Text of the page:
Kaffir Lily

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Nice pic Wendy Here in the UK kaffir lily is the name given to Schizostylis, see http://www.floralimages.co.uk/pic1b4.htm
It seems as if you also call Clivia miniata kaffir lily in the US,see http://www.geocities.com/RainForest/Vines/7025/clivia.html
--
David Hill
Abacus nurseries
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"...........I'm not surprised that you still are using the highly offensive racist name for the plants ..........."
Talk about the pot calling the kettle black...with the names you use at times????
Yes there is a lot of political correctness gone mad.I believe that you still talk about "Black berries", Here some of the Politically correct brigade insist that they be referred to now as "Bramble fruit". Short people are "Vertically challenged" People with a disability are not disabled they are "Differently able." And it goes on and on
--
David Hill
Abacus nurseries
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Thanks for posting the article. It'll help me be more sensitive to the undercurrent of racially hurtful botanical nomenclature. On a different front, I'm not sure I can still refer to Salix discolor (P*ssy Willows) with its common name without offending. Common names can be so common!
(snip)

these unrelated groups, but I'll post this article I found anyway:

(snip)
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Probably few people outside kaffirdom know who kaffirs are--or were. zemedelec
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from snipped-for-privacy@netscapeSPAM-ME-NOT.net (paghat) contains these words:

(snip) That may be true in America, where only a small proportion of the population ever leaves its own continent; it certainly isn't in Britain (or any of the continents we occupied more recently).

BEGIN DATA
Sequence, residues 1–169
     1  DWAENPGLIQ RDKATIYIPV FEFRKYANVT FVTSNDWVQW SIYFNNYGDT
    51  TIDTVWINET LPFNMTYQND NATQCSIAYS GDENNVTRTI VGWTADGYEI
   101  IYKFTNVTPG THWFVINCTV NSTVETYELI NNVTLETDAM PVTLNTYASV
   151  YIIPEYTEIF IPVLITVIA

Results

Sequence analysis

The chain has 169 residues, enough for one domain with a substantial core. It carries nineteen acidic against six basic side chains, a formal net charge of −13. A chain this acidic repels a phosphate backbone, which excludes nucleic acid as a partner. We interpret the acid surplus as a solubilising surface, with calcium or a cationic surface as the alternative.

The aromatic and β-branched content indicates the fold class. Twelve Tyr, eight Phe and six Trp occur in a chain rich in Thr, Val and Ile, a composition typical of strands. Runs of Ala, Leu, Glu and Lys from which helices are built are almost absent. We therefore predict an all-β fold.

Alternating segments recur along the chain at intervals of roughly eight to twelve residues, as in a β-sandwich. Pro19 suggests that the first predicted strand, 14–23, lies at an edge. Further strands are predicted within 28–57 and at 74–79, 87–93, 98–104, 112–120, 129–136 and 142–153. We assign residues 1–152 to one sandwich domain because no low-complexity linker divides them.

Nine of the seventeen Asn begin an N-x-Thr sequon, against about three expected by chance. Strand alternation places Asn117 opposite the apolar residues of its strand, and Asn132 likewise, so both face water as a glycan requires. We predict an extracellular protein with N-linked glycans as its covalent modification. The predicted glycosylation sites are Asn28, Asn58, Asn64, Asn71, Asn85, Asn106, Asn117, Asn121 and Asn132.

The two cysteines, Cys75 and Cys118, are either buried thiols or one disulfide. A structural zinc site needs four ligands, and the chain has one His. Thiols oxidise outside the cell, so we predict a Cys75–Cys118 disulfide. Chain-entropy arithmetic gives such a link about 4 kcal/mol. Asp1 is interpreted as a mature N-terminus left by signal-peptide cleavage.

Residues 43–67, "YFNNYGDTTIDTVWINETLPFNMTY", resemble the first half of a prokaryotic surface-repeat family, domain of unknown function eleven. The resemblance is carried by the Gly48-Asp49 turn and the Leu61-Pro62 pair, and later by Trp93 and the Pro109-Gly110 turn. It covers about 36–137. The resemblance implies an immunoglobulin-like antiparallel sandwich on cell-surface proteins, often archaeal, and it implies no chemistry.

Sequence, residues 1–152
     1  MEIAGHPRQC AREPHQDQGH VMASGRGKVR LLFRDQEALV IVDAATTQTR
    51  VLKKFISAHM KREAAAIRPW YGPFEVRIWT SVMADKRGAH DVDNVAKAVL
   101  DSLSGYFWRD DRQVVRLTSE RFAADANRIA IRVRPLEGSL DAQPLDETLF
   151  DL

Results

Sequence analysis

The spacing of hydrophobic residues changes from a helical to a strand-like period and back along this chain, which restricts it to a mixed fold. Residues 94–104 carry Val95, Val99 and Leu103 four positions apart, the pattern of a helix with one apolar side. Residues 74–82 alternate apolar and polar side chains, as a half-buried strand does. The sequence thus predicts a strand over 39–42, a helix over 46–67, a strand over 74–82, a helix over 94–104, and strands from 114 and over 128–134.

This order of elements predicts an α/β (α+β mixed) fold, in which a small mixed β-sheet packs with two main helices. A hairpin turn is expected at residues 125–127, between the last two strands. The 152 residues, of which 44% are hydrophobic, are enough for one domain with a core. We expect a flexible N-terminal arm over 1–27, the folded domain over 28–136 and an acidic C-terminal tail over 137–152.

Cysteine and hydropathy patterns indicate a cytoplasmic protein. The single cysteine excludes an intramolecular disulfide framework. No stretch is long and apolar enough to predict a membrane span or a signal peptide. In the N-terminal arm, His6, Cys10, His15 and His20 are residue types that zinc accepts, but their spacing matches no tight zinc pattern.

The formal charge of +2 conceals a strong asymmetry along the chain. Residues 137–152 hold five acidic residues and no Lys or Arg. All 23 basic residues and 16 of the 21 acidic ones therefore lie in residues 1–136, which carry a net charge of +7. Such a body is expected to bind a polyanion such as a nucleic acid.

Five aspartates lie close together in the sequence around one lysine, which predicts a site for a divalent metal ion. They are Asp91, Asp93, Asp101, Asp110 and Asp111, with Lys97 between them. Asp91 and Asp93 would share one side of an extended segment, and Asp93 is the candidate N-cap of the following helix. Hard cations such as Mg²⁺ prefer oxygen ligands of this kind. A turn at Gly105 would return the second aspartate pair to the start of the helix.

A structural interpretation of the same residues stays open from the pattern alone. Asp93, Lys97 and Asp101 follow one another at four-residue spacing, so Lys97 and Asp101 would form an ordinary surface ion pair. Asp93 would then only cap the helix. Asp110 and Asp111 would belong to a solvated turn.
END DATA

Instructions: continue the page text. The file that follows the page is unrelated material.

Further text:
"Kaffir" as a derogatory term, was seeded over half the world by British Colonials and the British Army. There are still enough white Brits using it that way to ensure that all black Brits are well aware of the insult.
Janet.
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I think this says it all..........
During the 1990's a former UK officer serving with the Bermuda constabulary for a number of years was accused of calling a black officer a 'kaffer'.
The allegation was treated seriously and instead of dealing with the issue by way of discipline, the officer found himself summonsed to appear at Magistrate's court in Hamilton, Bermuda for an offence of 'insulting words and / or behaviour'.
One questions whether the UK officer could have been treated fairly; the matter was investigated and considered by the prosecution service. No one, when handling what was a career destroying allegation against the former UK officer, could find in his favour, the matter progressed to Court. What could the prosecution team do, call the black officer a liar?
As is the way in Court proceedings, the prosecution put their case at the Magistrates Court. The evidence against the officer was the word of the person he allegedly called 'kaffer'; a fellow serving officer. The evidence was given and apart from refute the allegation and stress that the words were never uttered, what could the officer, or his defence counsel, do?
Before the black officer, making the allegation, was released (allowed to leave the witness box) the Judge put a question to him:
"officer, what do you understand the term 'kaffir' to mean"
The reply from the black officer:
"I don't know what it means"
Case dismissed.
If you do not know what something means then they cannot cause you offence, the offence is not complete
--
David Hill
Abacus nurseries
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David Hill wrote:

The solution is so obvious. We should *educate* people about all the words in common usage that they should be offended by. The more arcane the word is, the better -- that way we get to show off how educated and clever (and therefore superior) we are.
Best regards, Bob
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paghat wrote:

personal
like
say
a
Words are nothing but letters or sounds put together, depending on whether you're writing or speaking. In and of themselves, those letters or sounds are not offensive alone or together. Context makes them offensive.
There is the context of the writer or speaker, and the context of the reader or listener involved here. Some people are so offended when they read or hear particular words that they can't or won't consider the context of the writer or speaker.